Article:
The worst thing that can happen is that your employer says no.
But you never know unless you ask.
Compensation means much more than a paycheck. These days,
employees expect money in addition to complete insurance
coverage (including health, life, and disability) and a savings
or retirement plan, too. And when employers won't budge on
price, workers negotiate what HR reps call "creative
compensation" - that is, perks, niceties, and other amenities
that make life more convenient.
If you're about to sit down at the negotiating table (either
to ask your boss for a raise or to negotiate a salary with a
potential employer) you should know all of your compensation
options. If your employer won't raise your salary, you can
bargain for non-monetary concessions. Consider playing one or
more of these cards:
Your employer's hands might be tied in raising your salary,
but vacation time is more discretionary. Ask for more paid
vacation time. If you can't get more time, at least get the
right time - name the days you want to be on vacation. Most
entry-level employees are expected to take off when it's
convenient for the higher-ups, but if you name your dates up
front (or explain that you have long-standing plans to be
away) you could win that time off.
Many employers are paying workers a stipend for commuting
expenses, whether it be for public transportation, parking
fees, or gas. Before you go to your meeting, tally your
commuting expenses for a typical month, or by year. Your
employer may reimburse you for part of your expenses.
Large companies usually have a set policy regarding tuition
reimbursement. If you work for a smaller company, however,
there might not be an official policy, or it may be applied
on a case-by-case basis. If further education is going to
help you do your job better, your boss might be eager to send
you to class. This can save you a bundle and make you a more
marketable worker, too.
If your job requires you to be on the road, it may be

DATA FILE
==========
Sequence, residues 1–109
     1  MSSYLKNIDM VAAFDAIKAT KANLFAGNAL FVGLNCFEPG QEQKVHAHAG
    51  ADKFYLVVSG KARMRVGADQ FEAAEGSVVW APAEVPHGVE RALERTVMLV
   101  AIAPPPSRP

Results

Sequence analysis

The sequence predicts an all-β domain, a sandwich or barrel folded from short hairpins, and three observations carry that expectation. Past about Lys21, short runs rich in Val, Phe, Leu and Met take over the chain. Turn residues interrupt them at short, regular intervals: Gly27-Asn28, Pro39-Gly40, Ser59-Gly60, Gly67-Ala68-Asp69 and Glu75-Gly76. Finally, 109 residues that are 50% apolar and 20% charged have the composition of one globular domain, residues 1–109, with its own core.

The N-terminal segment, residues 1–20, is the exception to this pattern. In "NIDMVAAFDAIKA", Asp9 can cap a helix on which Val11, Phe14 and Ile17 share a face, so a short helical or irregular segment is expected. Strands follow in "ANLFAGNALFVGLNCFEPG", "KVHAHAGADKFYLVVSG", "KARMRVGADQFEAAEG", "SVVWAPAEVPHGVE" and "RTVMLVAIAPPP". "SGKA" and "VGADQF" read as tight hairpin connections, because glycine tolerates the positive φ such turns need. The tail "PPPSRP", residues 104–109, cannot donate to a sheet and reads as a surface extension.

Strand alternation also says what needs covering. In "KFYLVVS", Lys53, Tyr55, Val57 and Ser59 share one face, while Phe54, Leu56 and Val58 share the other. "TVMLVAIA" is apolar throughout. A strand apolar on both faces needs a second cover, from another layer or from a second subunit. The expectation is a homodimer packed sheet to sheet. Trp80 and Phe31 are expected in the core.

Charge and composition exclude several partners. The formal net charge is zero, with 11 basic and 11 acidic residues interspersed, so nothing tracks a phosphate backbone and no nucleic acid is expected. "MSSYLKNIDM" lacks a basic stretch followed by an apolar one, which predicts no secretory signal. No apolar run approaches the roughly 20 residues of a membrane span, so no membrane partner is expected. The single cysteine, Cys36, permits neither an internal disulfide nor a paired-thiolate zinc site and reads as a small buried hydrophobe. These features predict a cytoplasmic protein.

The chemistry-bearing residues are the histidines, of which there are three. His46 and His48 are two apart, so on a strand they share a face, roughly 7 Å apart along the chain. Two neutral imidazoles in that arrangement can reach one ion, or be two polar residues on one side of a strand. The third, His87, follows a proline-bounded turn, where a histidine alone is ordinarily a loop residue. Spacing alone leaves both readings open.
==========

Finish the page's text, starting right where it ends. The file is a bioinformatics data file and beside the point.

perfectly reasonable to request a company car or car
allowance. Life without car payments and auto insurance is a
Some people just aren't cut out for the nine-to-five life.
If you're a morning person, your boss might be willing to
adjust your time card so that you can work from, say, seven
to three; or if you're juices get flowing later in the day,
from 10:30 to 6:30. It might even be to your boss' advantage
to let you work during your most productive hours. Remember,
though, that flextime works only if your coworkers are not
dependent on you being in the office during certain times.
Like flextime, telecommuting is a way to make your schedule
more convenient for you. If you're not needed physically in
the office, you could work from home part of the day or a
couple days each week.
If you are negotiating a salary for a new job in another
city or state and will have to relocate, definitely hit your
employer up for moving expenses. Before you ask for an
allowance or reimbursement, gather an idea of how much the
move is going to cost you.
Stock options are quickly becoming a standard part of
companies' benefits packages and bonus systems. But at many
companies they're still a bargaining chip, and (just like
vacation time) can be more discretionary than a salary.
One last note: You're obviously trying to better your
position during your compensation negotiation, but be fair,
because no one will bargain with someone who is being greedy
or unreasonable. Follow that rule and the worst thing that
can happen is that your employer says no. But you never know
unless you ask.